By: T.R. Slyder, TRSlyder@yahoo.com, @AndyDisco on Twitter
That's how I roll.
Wednesday, June 16, 2010
Wednesday, September 16, 2009
By: T.R. Slyder, TRSlyder@yahoo.com, AndyDisco on Twitter
I got a tweet from the Chicago Reader today linking to this article. It basically says that the city of Chicago is broke, Mayor Daley's approval rating is 35%. That article also links to this article, which has an attention-grabbing first paragraph to illustrate how broke the city is:
Earlier this month, Chicago Mayor Richard Daley released the latest round of alarming budget numbers, this time projecting a $300 million shortfall over the coming year. The deficit led City Hall to send out 1,500 pink slips to Chicago city workers, cuts which the Chicago Federation of Labor is still working to avert. In response to the news, Crain’s columnist Greg Hinz noted that the layoffs — if finalized — would only fill “about 10% of [the] hole in the city budget.” He went on to ask: “So, where’s the city going to get that kind of cash?”
That article is very informative, but the required reading for that article, which is also linked in that Chicago Reader article by Ben Joravsky, can be found here. It explains how the Tax Increment Financing (TIF) works. It's a rather shadowy and relatively unknown tax policy of Mayor Daley's, but is arguably his most insidious. I copied the most basic, short answer of what they are and pasted it below.
OK, one more time—let's review how this sucker works. When the City Council approves a TIF—always with Mayor Daley's blessing—it freezes the amount of property tax dollars the schools, the parks, the county, and other taxing bodies get from that district for 23 years. If the schools were getting $100 from a TIF district when it was created, that's roughly all they'll get until the TIF expires. Any extra tax money, generated by rising assessments or new development, goes into the TIF fund, which Mayor Daley is free to use largely as he wants.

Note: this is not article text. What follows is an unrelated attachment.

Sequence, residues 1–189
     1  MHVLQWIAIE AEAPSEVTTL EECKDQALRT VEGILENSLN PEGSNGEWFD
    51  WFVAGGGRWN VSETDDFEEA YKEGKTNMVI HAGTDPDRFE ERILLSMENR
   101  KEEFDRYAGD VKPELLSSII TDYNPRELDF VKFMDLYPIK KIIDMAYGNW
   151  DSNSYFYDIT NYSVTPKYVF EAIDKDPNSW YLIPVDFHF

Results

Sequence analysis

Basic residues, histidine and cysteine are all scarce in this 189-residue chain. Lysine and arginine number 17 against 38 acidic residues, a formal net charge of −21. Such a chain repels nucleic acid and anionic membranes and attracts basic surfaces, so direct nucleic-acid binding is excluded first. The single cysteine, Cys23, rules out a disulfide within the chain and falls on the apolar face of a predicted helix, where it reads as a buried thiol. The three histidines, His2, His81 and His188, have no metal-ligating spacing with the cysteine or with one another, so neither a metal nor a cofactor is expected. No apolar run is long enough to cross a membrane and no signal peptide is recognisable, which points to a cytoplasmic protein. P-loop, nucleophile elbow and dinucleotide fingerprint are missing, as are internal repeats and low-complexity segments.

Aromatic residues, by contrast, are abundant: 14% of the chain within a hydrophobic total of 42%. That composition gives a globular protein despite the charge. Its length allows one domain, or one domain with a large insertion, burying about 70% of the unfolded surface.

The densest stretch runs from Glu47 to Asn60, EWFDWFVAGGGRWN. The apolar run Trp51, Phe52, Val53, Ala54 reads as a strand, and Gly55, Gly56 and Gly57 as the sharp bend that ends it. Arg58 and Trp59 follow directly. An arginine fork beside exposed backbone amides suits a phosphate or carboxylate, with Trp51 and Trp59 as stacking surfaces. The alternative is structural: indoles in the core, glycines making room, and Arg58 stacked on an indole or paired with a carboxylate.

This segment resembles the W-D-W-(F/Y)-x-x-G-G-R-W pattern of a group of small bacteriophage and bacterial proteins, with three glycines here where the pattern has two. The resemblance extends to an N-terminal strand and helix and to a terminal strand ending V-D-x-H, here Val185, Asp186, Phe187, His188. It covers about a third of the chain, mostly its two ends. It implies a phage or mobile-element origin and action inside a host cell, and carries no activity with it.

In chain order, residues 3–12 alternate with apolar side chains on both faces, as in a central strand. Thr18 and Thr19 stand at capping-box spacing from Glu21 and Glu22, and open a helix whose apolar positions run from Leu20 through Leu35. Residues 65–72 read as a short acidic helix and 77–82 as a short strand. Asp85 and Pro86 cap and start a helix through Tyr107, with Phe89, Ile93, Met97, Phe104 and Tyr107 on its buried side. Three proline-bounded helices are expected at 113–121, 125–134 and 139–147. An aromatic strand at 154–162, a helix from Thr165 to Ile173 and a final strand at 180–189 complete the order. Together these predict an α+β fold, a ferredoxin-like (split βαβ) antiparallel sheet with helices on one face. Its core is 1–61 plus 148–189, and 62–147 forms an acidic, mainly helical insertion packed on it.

Think about this. If the schools, parks, and county can only get $100 from a TIF district, what do they do when their expenses go up to $200? They have to raise their levies—the amounts they each get from the property tax pie—to compensate for the money diverted to the TIFs. When they do that, property taxes go up. No matter what the city tells you, TIFs are tax hikes, plain and simple—the more you create, the higher taxes go.
It might not be so bad if we only had three or four TIFs. But there are 156—and the city is proposing new ones every month. The existing TIFs divert at least $400 million a year in property taxes. At their current rate of growth, in a few years they'll be diverting more than $500 million a year.
You may be reading all of this and thinking, "Ok, is it really evil that your mayor has your tax dollars at his disposal?" The surprising answer is "yes". As mentioned above, Mayor Daley gets to do whatever he wants with this revenue. These are what finances a lot of his grandiose, heavily-reported-on expenditures. So while government employees are furloughed, and teachers are laid off, TIF funds paid for the new park on the South Side where Mayor Daley is seen cutting the ribbon, proclaiming his championdom of the impoverished, and kissing the babies.
So when he is the guy saying, "Look, just give Chicago the Olympics, and I'll find a responsible way to pay for it, that places minimal burden on the taxpayers. Would I lie to you?", it's difficult to believe.
That's how I roll.